I'm not going to dispute your figures. I know that a .357 is plenty for deer, having used it myself. Some laws don't make a whole lot of sense. I was using the laws in my state as an example as to what may or may not be legal in some states, after reminding Jeffly the importance of checking with the individual state's regulations. Some states may permit it others may not.
The only time I ever checked into it I was simply using ballistic tables in the SHOOTER'S BIBLE, looking up the cartridges in both handgun and rifle ballistic tables, and comparing the energy levels to the law as it is written here in NE. Reviewing the only 2 listings I could find for .357 out of a rifle, Federal has a listing for a 180 grn at 1550 fps out of an 18" barrel, which translates to 535 ft/lbs at 100 yds. There is also a listing for a Winchester 158grn at 1830 fps out of a 20" barrel for 715 ft/lbs at 100 yds. While either of these are enough to put down a deer, they do not meet the legal requirements for the state where I hunt. About half of the .44 loads listed for use in rifles didn't make my state's min. required energy levels for rifles either. While handloaded ammo may be able to get your energy levels over the required IN MY STATE 900 ft/lbs at 100 yds, you better hope that you don't get checked by a game warden (who may not be all that up on ballistics) or you will be hiring professional ballisticians and/or physicists, renting a range and hiring somebody to certify the loading and chrono readings, along with a damn good lawyer to convince the judge that you shouldn't have your firearm (and maybe your truck and any other equipment used on the hunt) confiscated, your hunting rights revoked, damages charged, and a fine levied against you.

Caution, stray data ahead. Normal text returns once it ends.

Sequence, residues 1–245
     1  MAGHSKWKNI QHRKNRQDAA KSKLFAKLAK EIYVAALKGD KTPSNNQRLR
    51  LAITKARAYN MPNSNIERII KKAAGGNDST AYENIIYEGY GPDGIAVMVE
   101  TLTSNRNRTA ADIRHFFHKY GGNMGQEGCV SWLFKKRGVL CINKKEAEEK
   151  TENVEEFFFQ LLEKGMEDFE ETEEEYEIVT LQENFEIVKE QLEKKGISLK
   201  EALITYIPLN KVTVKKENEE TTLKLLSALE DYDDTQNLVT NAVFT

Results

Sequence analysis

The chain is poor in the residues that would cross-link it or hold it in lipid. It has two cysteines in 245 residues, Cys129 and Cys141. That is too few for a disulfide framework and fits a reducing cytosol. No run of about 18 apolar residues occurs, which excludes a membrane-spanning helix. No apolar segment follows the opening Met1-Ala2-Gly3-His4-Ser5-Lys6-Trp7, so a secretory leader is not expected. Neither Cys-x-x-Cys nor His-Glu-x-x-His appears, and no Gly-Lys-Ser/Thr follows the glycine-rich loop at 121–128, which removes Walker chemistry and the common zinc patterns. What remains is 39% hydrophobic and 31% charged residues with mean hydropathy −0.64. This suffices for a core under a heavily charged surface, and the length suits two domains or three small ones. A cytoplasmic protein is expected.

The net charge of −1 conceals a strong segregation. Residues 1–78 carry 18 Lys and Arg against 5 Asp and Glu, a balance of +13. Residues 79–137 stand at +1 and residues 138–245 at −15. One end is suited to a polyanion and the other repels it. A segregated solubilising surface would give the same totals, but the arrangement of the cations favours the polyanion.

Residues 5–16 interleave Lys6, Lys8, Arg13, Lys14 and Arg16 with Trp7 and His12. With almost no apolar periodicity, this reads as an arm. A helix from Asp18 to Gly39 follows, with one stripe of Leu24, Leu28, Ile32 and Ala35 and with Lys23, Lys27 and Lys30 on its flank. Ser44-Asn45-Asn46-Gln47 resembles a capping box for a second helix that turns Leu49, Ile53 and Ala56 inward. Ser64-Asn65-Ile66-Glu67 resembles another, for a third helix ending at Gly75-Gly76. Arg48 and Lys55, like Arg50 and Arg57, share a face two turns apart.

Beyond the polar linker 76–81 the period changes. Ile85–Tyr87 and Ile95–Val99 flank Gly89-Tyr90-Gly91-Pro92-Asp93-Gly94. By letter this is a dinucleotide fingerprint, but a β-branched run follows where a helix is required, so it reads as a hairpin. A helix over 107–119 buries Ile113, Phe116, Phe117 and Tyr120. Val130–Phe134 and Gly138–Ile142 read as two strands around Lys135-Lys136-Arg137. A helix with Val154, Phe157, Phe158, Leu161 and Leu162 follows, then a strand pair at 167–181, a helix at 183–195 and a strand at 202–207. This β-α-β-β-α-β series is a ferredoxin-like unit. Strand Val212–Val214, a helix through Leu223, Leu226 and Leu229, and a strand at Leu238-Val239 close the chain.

Don't take legal advice off a bulletin board (unless someone is cautioning not to do something without checking with your own local legal authorities)